When she began public school, teachers were puzzled by her difficulty in learning. She was unduly penalized with poor marks and stereotyped as “slow.” But a school official noted her condition and devised a simple test: using a typed sheet with two sets of words in vertical columns, her only task was to draw a line to a word with opposite meaning. She failed.
“I couldn’t see it,” she said. “It just added to my frustration.”
But her life changed dramatically when she was admitted to the Tennessee School for the Blind located in Nashville. For eleven years Sandy lived with others in darkness. Students are cared for by experienced cottage parents who cooperate with teachers, parents, clinic staff and therapists to ensure continuity of the education program.
The cottages have a family atmosphere that meets the impaired vision needs. Students are encouraged to personalize their bedroom with pictures, posters, photographs, personal items and stuffed animals. Many of the students have stereos, CD players or tape recorders and enjoy listening to their favorite music on tapes. After graduating, Sandra worked eight years for the federal government in Nashville before becoming a full-time homemaker and mother.
Sandra’s home in Crossville for the past 12 years reflects this comfortable background. To guests and friends alike, it feels like home. Because her Christian faith is so important to her, she reads braille Bible and also listens to various books of the Bible on tape. Sandra enjoys "whodunit" mystery novels.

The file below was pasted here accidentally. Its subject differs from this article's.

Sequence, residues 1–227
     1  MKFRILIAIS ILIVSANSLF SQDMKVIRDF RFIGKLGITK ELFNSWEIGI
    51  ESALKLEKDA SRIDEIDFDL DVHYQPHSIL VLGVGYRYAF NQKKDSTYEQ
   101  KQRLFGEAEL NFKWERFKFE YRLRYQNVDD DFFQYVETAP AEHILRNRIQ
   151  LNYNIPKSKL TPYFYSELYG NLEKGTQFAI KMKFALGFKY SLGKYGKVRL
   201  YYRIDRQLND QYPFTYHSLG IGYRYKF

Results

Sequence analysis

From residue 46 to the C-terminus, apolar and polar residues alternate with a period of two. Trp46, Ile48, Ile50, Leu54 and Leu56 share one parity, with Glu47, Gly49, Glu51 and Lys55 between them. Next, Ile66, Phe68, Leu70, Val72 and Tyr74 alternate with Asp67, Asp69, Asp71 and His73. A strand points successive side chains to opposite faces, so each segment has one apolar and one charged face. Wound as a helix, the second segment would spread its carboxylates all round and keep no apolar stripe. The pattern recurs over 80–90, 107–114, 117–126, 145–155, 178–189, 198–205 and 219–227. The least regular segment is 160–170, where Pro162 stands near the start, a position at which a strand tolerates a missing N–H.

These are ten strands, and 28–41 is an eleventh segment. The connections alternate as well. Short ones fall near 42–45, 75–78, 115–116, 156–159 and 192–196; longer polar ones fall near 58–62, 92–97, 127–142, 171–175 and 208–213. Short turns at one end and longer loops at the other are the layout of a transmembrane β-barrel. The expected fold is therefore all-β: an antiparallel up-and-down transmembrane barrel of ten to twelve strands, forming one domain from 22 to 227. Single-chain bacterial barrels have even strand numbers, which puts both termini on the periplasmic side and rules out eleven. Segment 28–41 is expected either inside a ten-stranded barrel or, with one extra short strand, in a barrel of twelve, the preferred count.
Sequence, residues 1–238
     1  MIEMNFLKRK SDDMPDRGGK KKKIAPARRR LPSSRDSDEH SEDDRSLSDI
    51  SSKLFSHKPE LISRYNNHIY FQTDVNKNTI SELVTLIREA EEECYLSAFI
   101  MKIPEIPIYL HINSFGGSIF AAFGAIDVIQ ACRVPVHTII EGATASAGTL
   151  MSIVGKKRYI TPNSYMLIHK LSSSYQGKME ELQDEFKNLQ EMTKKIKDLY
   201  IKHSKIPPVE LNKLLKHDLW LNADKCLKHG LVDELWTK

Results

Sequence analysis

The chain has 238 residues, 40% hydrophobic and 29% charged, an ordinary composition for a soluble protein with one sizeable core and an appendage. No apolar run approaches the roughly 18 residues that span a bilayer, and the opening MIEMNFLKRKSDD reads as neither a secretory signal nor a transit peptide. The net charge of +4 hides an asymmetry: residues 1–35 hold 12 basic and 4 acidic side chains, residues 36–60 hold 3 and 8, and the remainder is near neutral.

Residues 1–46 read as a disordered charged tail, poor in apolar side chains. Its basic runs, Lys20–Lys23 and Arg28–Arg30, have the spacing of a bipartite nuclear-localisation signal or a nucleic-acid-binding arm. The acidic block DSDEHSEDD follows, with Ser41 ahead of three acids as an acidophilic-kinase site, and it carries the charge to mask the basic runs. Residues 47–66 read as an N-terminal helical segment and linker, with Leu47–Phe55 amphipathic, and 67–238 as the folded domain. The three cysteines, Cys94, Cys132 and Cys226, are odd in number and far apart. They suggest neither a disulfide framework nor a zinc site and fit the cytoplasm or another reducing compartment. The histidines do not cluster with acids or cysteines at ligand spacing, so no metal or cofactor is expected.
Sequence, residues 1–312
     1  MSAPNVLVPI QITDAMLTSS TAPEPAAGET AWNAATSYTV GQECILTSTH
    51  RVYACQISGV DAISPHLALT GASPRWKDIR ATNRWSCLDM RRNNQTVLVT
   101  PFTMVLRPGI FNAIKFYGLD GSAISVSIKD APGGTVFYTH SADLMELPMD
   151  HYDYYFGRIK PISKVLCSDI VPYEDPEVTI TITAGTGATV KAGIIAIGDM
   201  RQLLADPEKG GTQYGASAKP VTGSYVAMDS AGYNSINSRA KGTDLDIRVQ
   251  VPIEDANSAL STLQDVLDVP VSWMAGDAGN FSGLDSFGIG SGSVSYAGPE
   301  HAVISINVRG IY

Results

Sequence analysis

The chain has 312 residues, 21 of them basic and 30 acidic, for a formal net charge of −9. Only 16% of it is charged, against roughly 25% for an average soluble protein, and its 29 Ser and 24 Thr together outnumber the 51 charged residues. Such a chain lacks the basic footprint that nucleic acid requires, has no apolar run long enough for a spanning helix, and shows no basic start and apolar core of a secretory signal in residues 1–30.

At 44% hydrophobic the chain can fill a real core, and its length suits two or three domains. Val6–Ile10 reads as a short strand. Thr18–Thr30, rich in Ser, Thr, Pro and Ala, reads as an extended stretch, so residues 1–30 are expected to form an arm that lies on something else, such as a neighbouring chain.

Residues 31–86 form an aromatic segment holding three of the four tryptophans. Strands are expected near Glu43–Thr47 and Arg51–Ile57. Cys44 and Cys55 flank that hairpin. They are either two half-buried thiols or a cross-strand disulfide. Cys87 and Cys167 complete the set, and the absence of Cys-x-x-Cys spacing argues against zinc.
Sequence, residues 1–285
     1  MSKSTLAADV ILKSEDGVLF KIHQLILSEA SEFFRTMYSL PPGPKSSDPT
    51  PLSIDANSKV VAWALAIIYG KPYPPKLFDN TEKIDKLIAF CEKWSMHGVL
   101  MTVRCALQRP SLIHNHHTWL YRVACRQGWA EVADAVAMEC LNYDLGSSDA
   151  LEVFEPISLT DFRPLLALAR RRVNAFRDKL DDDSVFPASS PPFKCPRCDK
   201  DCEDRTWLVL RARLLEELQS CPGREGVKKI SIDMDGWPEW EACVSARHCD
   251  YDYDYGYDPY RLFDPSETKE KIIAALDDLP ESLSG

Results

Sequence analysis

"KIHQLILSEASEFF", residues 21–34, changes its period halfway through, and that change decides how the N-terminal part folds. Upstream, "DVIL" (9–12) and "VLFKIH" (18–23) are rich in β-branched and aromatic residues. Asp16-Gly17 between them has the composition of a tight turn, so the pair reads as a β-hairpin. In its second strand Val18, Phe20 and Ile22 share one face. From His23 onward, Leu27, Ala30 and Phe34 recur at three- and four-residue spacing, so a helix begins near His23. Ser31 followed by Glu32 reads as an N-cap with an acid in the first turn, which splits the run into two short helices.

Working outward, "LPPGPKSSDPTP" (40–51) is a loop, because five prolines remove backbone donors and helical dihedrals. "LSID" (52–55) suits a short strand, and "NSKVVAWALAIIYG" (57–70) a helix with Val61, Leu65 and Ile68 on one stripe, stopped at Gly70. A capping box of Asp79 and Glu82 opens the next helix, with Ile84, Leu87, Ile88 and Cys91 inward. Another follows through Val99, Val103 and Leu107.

“While my kids grew up and lived at home, sometimes they forgot I was blind. At that time I had to pick up and hang-up clothes,” she said smiling. “I don’t think it was any different than most families I’ve known.”
She is the first blind person in the area to raise three daughters, one being adopted. She remains the first Tennessee blind person to care for foster children, one of whom she adopted.
This comes at a time when the American Council of the Blind (and other blind agencies) is trying to pass legislation to stop government agencies from taking away children born to blind couples. Sight people assume, incorrectly, that children are in danger because of the parent’s blindness.
Margie DeMars, chairperson of the Cumberland County VIS Group, knows her well and describes Sandra as a quiet and unassuming person and a “wonderful example” for those who still have remaining vision.
"She is my mentor,” DeMars said. “Sandra has great faith in God
despite her physical limitations. I am sure that she could make Helen Keller’s statement her own: ‘I thank God for my limitations, for through them I have found myself, my work and my God.'”
The VIS Group meets the second Thursday of the month at Sonshine Soup Kitchen, 69 Neecham St. in Crossville from 9:30 a.m. to 11:30 a.m. with tea, coffee and pastry provided. Following the June 13 meeting, state Rep. Cameron Sexton will discuss new laws providing safer public access for the visually impaired.
Thursday, July 11 is the date of the annual VIS Group picnic at Obed River Park in Crossville. It is open to VIS members and their families. For more information, call Chairman Danny Keough at 788-1736.